As each new year approaches and I see posts on social media about choosing a word of the year, I often see the word, “joy” chosen. We’re all hungry for happiness, we all want more joy in life. Choosing the word, “happy”, though, seems selfish. Joy feels nobler somehow. And in Christian circles, we’ve decided it’s different than happiness. Happiness is for the world, joy is for Christians. My feelings about that is a whole different post.
My point today is that the desire for joy runs deep in our world, whether you’re a Christ-follower or not. And if you are, there can be some guilt attached to it. We’re supposed to be a joyful people. Joy is expected of us–not just as a cultural pressure, but as a scriptural mandate. But, often, we don’t feel joyful and we hesitate to admit it. Where does that leave us? With a desire to live joyful lives, but with an unclear picture of exactly what joy is and how to become more joyful. With this mini-series of articles, I hope to help you straighten that out! We’ve looked at a variety of verses about joy, I answered the question, “What is joy…really?”, and today, let’s figure out how to get more of it!
When I do a Google search for the term “more joy”, I get interesting responses. Most of them are similar to an article titled 14 Ways to Squeeze More Joy Out of Every Day, in which “top positive psychologists offer easy ways to infuse your days with pleasure.”
Unfortunately, infusing our days with pleasure is exactly the wrong way to go about finding joy in life. What can we do? Luckily, as a Christian, we have a clear direction!
How To Find More Joy in Life
The first thing is to realize that joy is a gift from God. The root word for joy in the Greek is chara, which is closely related to the Greek charis for “grace.” Joy is both a gift of God as well as a response to the gifts of God. Joy comes when we are aware of God’s grace and relish His favor. Gotquestions.org
More God = More Joy.
You reveal the path of life to me;
in your presence is abundant joy;
at your right hand are eternal pleasures. (Psalm 16:11)
Though you have not seen him, you love him; though not seeing him now, you believe in him, and you rejoice with inexpressible and glorious joy, because you are receiving the goal of your faith, the salvation of your souls. (1 Peter 1:8-9)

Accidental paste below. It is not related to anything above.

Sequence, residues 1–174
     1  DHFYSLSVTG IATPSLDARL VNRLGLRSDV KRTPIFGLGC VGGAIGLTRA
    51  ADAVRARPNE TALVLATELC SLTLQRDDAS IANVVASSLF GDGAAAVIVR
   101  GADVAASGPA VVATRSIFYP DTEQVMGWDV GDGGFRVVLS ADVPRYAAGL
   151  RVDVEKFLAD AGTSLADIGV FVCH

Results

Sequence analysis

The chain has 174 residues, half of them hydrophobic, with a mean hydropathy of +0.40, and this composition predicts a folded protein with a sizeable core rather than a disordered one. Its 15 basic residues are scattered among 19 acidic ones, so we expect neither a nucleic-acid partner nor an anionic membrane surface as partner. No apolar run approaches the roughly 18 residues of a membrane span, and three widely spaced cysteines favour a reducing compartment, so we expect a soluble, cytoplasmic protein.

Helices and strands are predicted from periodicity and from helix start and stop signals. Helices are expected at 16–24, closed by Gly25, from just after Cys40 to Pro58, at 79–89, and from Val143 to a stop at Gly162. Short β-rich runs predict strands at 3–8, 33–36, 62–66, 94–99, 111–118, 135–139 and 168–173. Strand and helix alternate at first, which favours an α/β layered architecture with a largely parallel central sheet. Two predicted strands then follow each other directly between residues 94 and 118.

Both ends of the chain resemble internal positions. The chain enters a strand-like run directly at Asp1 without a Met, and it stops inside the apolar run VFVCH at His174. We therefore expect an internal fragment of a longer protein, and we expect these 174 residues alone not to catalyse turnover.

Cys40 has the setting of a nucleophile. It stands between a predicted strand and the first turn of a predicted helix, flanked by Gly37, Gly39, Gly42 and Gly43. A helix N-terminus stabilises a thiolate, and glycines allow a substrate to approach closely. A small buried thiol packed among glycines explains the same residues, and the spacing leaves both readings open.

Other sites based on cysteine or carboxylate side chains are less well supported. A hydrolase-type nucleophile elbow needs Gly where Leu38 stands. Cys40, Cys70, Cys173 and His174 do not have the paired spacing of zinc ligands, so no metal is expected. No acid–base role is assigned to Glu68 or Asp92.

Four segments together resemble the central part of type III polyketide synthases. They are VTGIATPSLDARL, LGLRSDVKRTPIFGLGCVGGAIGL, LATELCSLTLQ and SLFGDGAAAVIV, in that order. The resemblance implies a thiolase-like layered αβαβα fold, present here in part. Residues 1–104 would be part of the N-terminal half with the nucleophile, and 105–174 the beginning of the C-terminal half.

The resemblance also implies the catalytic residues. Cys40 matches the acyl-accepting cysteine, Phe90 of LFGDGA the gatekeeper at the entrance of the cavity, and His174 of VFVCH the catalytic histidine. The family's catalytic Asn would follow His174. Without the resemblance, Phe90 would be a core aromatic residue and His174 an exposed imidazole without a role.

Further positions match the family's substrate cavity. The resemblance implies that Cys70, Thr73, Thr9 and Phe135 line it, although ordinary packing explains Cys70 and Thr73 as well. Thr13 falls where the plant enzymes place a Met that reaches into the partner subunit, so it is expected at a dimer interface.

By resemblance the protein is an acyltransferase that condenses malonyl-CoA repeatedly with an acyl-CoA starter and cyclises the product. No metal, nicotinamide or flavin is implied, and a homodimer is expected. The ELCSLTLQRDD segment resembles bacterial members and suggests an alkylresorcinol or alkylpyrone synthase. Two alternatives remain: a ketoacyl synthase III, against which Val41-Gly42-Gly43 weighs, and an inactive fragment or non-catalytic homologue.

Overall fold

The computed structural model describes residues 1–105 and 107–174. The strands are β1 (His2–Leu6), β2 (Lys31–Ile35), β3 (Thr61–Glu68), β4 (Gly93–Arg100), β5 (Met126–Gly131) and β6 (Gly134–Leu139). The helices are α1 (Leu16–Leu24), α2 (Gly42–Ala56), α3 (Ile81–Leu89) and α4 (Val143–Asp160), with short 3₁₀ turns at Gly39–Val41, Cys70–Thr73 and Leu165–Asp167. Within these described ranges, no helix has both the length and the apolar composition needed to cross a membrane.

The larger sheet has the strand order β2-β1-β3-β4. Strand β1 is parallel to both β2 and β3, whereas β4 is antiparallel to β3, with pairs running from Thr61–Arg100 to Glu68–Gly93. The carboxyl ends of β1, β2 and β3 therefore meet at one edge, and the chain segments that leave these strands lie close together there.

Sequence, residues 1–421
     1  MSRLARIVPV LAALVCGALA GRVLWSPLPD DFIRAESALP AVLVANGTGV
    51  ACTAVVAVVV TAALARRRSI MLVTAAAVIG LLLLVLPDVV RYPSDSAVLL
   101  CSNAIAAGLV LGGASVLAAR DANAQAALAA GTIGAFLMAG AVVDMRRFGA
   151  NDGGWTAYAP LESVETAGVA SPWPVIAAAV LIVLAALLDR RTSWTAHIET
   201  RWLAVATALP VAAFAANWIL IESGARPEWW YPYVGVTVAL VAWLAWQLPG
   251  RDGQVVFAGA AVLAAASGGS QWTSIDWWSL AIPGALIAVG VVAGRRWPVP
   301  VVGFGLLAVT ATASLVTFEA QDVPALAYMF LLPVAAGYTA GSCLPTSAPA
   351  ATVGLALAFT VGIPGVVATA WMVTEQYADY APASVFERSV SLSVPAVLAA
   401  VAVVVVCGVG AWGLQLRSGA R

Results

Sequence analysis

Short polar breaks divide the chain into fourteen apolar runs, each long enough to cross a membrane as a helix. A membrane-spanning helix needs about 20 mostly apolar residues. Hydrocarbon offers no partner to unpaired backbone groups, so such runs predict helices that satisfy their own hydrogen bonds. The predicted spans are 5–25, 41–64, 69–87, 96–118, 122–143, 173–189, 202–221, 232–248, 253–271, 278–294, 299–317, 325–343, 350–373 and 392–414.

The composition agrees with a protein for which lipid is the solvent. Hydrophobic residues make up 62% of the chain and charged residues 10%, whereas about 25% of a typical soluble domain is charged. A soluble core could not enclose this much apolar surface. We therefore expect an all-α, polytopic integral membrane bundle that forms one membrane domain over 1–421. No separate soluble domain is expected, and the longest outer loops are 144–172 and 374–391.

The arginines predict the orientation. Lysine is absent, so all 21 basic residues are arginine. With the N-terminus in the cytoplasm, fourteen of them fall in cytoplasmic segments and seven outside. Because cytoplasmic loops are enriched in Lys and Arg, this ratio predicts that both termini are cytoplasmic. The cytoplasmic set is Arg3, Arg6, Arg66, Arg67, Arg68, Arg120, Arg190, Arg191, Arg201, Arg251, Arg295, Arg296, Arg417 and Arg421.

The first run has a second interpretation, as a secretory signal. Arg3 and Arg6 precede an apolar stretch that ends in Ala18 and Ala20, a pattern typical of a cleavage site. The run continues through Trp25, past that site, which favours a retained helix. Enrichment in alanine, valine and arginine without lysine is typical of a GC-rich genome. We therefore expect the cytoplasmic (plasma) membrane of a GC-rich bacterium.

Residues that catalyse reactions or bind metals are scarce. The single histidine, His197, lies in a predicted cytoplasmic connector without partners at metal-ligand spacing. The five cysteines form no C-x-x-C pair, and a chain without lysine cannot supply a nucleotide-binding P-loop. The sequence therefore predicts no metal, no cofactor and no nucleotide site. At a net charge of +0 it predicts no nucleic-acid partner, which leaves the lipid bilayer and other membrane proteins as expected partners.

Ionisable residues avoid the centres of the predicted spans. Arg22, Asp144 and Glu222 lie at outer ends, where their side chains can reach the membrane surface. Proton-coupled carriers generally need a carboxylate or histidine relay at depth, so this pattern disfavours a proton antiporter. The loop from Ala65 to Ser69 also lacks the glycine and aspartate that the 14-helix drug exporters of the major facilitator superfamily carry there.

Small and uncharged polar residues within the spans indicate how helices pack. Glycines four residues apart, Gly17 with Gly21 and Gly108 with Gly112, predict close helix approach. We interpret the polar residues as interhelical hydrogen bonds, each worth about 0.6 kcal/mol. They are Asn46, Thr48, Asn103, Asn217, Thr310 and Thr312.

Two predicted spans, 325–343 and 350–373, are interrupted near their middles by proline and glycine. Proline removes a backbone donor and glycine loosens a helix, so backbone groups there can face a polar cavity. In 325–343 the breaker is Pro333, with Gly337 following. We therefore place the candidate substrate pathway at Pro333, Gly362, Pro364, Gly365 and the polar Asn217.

But the fruit of the Spirit is love, joy, peace, patience, kindness, goodness, faithfulness, gentleness, and self-control. The law is not against such things. (Galatians 5:22-23)
These verses tell us that abundant joy is found in your relationship with all persons of the Godhead. We see that abundant joy is found in the presence of God the Father. Peter tells us that inexpressible joy comes through our salvation, through believing in the sacrifice and resurrection of Jesus. And finally, Paul tells us that joy is a natural outflow of the work of the Holy Spirit in our lives.
If you want more joy in life, don’t pursue joy, instead, pursue God.
Those who look to him are radiant with joy;
their faces will never be ashamed. (Psalm 34:5)
What is one practical way you can pursue a deeper relationship with God?
Joy Is Found in the Word of God
Your words were found, and I ate them.
Your words became a delight to me
and the joy of my heart,
for I bear your name,
Lord God of Armies. (Jeremiah 15:16)
Jeremiah has an odd word picture here. Who eats words? Other than, of course, dogs doing a homework favor for their favorite students. Let’s think about it. What happens when we eat something? We chew on it. We digest it. We absorb it. The nutrients in it help us in ways too numerous to mention. The cells of our bodies benefit.
We should be doing the same thing with the Word of God. We should be chewing on it, absorbing it, digesting it, letting its wisdom and instruction benefit our soul, help us live our lives, and grow us to maturity. I know that the more time I spend with the Word of God, reading, studying, meditating, and praying it, the more love I have for it. And it does become the joy of my heart.
How can you spend more time in God’s Word?
Oh, the joys of those who trust the Lord,
who have no confidence in the proud
or in those who worship idols. (Psalm 40:4 NLT)
You were hoping it would be easier, weren’t you? You were hoping I was going to spout some self-care tips, like treat yourself to something fun? Well, joy is no small prize and it seems to me, if it could come in a candy wrapper, it would be cheapened.
That’s why finding more joy in life is elusive, particularly in our culture. We don’t prize what will actually bring us joy. We find it difficult to trust. But, trusting God is going to lead to joy.
For our hearts rejoice in him